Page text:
Long accustomed to working in “confined spaces” and negotiating life in the face of obstacles, it is not surprising that when fuel was limited and it became difficult to reach elderly survivors, members of the Japanese Red Cross Society resorted to bicycles. A second example of Japanese flexibility is evidenced in their adoption of multiple faith traditions, predominately Buddhism and Shinto. But for some, there is also a bit of Confucianism added to the mix, and even elements of Christianity.
Hope is indeed spiritual. Again, you will find little spirituality in the academic psychology of hope. But for most people, today, yesterday, and undoubtedly tomorrow, hope tends to go hand in hand with faith. This faith often includes a large component of religious belief but can include faith in oneself, others, various institutions, nature, or technology. However, what makes it effectively “spiritual” is not the source or domain but the depth of belief. In modern parlance, it must be intrinsic to the self. The spirituality of the Japanese has been a great help to them during this crisis precisely because their faith traditions (i.e., belief in the group, one’s ancestors, or various deities) are so strongly embedded in their culture, and are not, as is the case for many westerners, composed of layers of experience that are above, and apart from, everyday life.
What can the Japanese learn from hope?
Mastery. The Japanese Proverb, “The nail that sticks out gets hammered down”, reinforces the collectivist, self-sacrificing ethic that can make it difficult to cultivate inspiration through heroic role models. This is not a time to ignore heroes or minimize individual acts of courage, creativity or commitment. The faceless Fukushima fifty ought to be recognized in a more public fashion. I understand the risks and possible stigma that might come with making public their names, particularly in light of what happened with the “hibakusha” during WWII. Nevertheless, the benefits will outweigh the costs, in terms of providing both young and old with concrete role models. Fifty heroes with fifty stories will produce a far richer yield of hopeful mastery to inspire the Japanese people than a nameless cohort.
Attachment. While strong in horizontal trust, the Japanese must be careful not to repeat the sins of WWII, when after the bombings of Hiroshima and Nagasaki, those exposed to radiation became known as the “hibakusha”, the feared, the isolated and the abandoned. Perhaps even more important for Japan, we know that groups and organizations function best when there is a high level of vertical trust that binds leaders and followers. Historians have contrasted the success of the Roman legions (marvels of planned vertical cohesiveness) with the failures of the Confederacy during American Civil War (weak vertical cohesion). The longer the Japanese must go before they begin to see improvements, and the more people hear the government issue reports that do not square with their actual experience, the more difficult it will be to sustain that vertical trust.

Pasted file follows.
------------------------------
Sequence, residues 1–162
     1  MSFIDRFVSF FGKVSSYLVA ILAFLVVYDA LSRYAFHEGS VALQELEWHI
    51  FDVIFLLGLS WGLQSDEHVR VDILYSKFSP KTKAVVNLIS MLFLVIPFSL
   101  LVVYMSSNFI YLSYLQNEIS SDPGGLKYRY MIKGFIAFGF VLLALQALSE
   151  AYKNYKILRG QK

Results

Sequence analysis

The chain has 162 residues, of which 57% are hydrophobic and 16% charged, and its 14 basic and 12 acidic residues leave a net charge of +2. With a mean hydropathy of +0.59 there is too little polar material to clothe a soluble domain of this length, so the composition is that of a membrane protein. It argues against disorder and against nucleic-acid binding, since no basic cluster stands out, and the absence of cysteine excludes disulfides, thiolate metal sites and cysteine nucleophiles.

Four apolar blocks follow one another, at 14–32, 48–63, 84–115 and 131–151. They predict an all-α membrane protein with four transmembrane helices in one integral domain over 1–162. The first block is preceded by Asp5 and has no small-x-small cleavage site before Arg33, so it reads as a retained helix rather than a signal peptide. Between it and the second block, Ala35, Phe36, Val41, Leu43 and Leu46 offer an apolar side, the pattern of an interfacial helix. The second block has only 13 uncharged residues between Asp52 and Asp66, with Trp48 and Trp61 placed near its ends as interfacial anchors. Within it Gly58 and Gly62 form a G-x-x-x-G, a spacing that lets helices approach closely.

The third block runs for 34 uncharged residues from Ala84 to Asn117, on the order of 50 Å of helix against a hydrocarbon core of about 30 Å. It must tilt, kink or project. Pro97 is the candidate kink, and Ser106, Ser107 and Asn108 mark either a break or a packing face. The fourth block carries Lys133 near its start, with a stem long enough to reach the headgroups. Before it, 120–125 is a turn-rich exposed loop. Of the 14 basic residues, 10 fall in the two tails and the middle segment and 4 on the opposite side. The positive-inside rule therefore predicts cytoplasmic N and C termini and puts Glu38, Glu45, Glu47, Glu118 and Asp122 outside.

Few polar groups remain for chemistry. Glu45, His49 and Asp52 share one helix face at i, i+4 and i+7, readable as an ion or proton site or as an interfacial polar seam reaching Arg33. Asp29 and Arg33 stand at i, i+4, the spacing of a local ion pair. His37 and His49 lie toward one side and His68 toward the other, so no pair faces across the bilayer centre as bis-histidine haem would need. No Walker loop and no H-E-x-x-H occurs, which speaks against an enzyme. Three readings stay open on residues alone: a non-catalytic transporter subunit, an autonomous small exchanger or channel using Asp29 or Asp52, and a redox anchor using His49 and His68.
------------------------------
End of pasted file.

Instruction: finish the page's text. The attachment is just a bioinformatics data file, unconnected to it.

Survival. Junko Ooigawa, whose husband continued to work at the Fukushima plant, was featured in an MSNBC report. She lamented, “I cannot imagine the future at this moment.” For the Japanese, grounded in Buddhism and Shinto, being mindful of the present moment should not pose a problem. But coping in the here and now without recourse to the past for guidance is like venturing into the wilderness without a roadmap or compass. Japan has survived many crises, most notably, the WWII atomic bombings that killed more than 250,000 and ruined the lives of countless others who suffered radiation poisoning. The old who have lived through these and other disasters can teach the young how to reclaim the vision of a better future, and restore the belief that the sun will again rise in the East. In this regard, Japan is fortunate, having the largest percentage of elderly in the world, at nearly 23 percent. Emperor Akihito was a particularly appropriate elder spokesman. He was eleven when the bombs fell on Hiroshima and Nagasaki and the leader of Japan was none other than Hirohito, Akihito’s father.
Spirituality. The spiritual dimensions of hope can include feelings of empowerment, connection, and liberation as well as the belief in a benign universe and a sense of symbolic immortality. A significant number of Japanese rely on their Shinto beliefs to deal with major life events while utilizing their Buddhist beliefs to process death and the “after-life”. In the present moment, they might do well to capitalize on both of these traditions. Buddhism is best for seeking liberation and sustaining faith in a universe that is fair, if not caring. Shinto is better equipped to address the needs of those seeking empowerment and connection as well as offering a portal to a more eternal continuum.